Sunday, April 19, 2009

in bloom

Pachysandra terminalis, the thuggish introduced, evergreen groundcover actually has a sweet smelling flower in spring most people don't know about, but then again, they are only a few inches tall.

If you are curious to know what is in bloom around New York City these days here is a quick list of some of the obvious guys. I apologize I do not have many pictures to accompany, as the USB ports on the mothership are still inactive thus cutting off access to my archives and digi-cam. You will find some tree pics below thanks to the few old files I was able to find.


Mertensia virginica (Virginia bluebells)
A North American native to 2' x 2' for part shade in good rich soil, the big 6-8" oval leaves and nodding clusters of purple-blue flowers seem quintessentially spring to many east-coasters. I don't know if they are considered an ephemeral but they fade fast after flower so be sure to plant other late perennials with them.

Dicentra spectabilis (bleeding heart)
I was thrilled to find a bleeding heart in bloom on a woodland slope in Central Park. Usually I do not find them much bigger than a couple feet, but these Asian natives can do really well in a moist soil in sun or part-sun. Along the long arched peduncle (flower stem) form a line of delicate little red and white flowers that actually resemble a small heart bleeding from its base. I imagine Dicentra cucullaria (Dutchman's breeches) and Dicentra formosa (wild bleeding heart), two native forms of Dicentra, are probably also doing their thing right about now.

Vinca minor (creeping myrtle)
Not necessarily my favorite being a Eurasian native evergreen groundcover that can become quick thuggish and invasive, but I have to admit that the delicate purple periwinkle flowers of this plant are having a stellar year. The long strands of small, glossy green leaves only stand a few inches tall, as well as the flowers, but boy can they spread, easily to 10' or more. All I can say is "control, control, control".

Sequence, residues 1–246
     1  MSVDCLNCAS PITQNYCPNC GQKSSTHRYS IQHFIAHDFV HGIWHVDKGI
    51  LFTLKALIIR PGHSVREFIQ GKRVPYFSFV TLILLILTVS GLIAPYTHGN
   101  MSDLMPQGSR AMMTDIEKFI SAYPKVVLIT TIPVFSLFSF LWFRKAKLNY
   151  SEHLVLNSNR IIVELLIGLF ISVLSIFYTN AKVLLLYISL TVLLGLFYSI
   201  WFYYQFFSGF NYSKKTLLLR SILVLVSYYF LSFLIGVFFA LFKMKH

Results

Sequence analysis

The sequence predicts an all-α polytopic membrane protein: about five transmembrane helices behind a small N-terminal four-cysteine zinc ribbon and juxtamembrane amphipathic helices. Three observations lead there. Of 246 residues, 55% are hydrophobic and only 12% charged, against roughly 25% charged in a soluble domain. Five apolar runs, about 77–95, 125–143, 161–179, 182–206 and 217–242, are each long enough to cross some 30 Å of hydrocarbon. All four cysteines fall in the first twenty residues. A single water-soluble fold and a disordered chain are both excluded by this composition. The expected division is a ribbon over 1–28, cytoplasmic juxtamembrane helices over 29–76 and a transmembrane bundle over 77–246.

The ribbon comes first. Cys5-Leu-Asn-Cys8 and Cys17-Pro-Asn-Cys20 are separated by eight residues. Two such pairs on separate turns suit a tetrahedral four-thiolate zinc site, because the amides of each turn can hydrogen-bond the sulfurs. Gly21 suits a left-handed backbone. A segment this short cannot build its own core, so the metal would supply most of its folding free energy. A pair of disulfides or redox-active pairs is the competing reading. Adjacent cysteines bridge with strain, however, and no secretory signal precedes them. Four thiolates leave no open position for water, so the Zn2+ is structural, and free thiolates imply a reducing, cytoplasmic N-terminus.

Epimedium sp. (barrenwort)
Among a clump of miniature daffodils I found a couple perplexed. Next to the little daffs was a big grouping of a kind of Epimedium, possibly Epimedium x youngianum or Epimedium x perralchicum. I showed how the little flower spikes of tiny, delicate white-yellow flowers were coming from the same plant with the interesting heart-shaped and bronze-edged foliage. The whole plant was only standing about 10" tall, thus my leaning is even more towards Epimedium x youngianum. I recommended to the couple that they become more familiar with Epimedium as I have seen a few great write-ups about them recently. This plant looked great on the woodland slope and I told the couple to come back in the fall and check it's fall color as Epimedium can be excellent edging perennials throughout many seasons.

Pulmonaria (lungwort)
These clump-forming perennials in the borage family put out a great little blue flower atop their green or green-white foliage to commemorate the arrival of spring much like the bluebells. A great plant for a sunny perennial border with humus-rich soil I see most people walk right by them but I like to crouch down and inspect their fuzzy little clusters of blue-purple flowers.

Tulipa sp. (tulip)
Yup, well, the daffodils (Narcissus) have been doing their thing for a while now and getting their attention so it's about time for the tulips to start showing up on the scene. Tulipa saxatilis is a great short tulip that still delivers a big show, as well as the little cup-shaped species tulips that I love more than any of the uber-cultivated divisions that only last a couple years.

Other minor bulbs like the Scilla, Chionodoxa, and Puschkinia and still out but now on the fade.


Forsythia x intermedia (border forsythia)
Well, winter has certainly passed, and we've quickly forgotten about the softness of witchhazel (Hamamelis) and Cornelian cherry dogwood (Cornus mas) in the face of that bright yellow sensation, forsythia! Not necessarily a top choice of mine but I can't help but smile at how it aids in spring fever among urbanites and tourists alike, quickly taking out their cameras and clicking away with abandon. Yeah, they will get to about 7' wide and 15' tall and all you really need to know is that, like with all your favorite flowers, don't prune until after they do their thing in spring. But then, Hell, cut them back any way you want, you're probably never going to kill it as long as it gets some sun.

Spiraea thunbergii (Thunberg spirea)
In the Conservatory Garden in Central Park there are many hedges of Spiraea thunbergii and they are covered with a sea of tiny white flowers making them a real eye-catcher. In the woodland slope a few are left to their natural habit and look like an explosion of white fireworks among the Corylopsis who's nodding yellow-green flowers are fading. They can stand about 7' x 7' at maturity in full sun and decent soil. I never used to appreciate spirea but they are definitely growing on me, and very easily this time of year.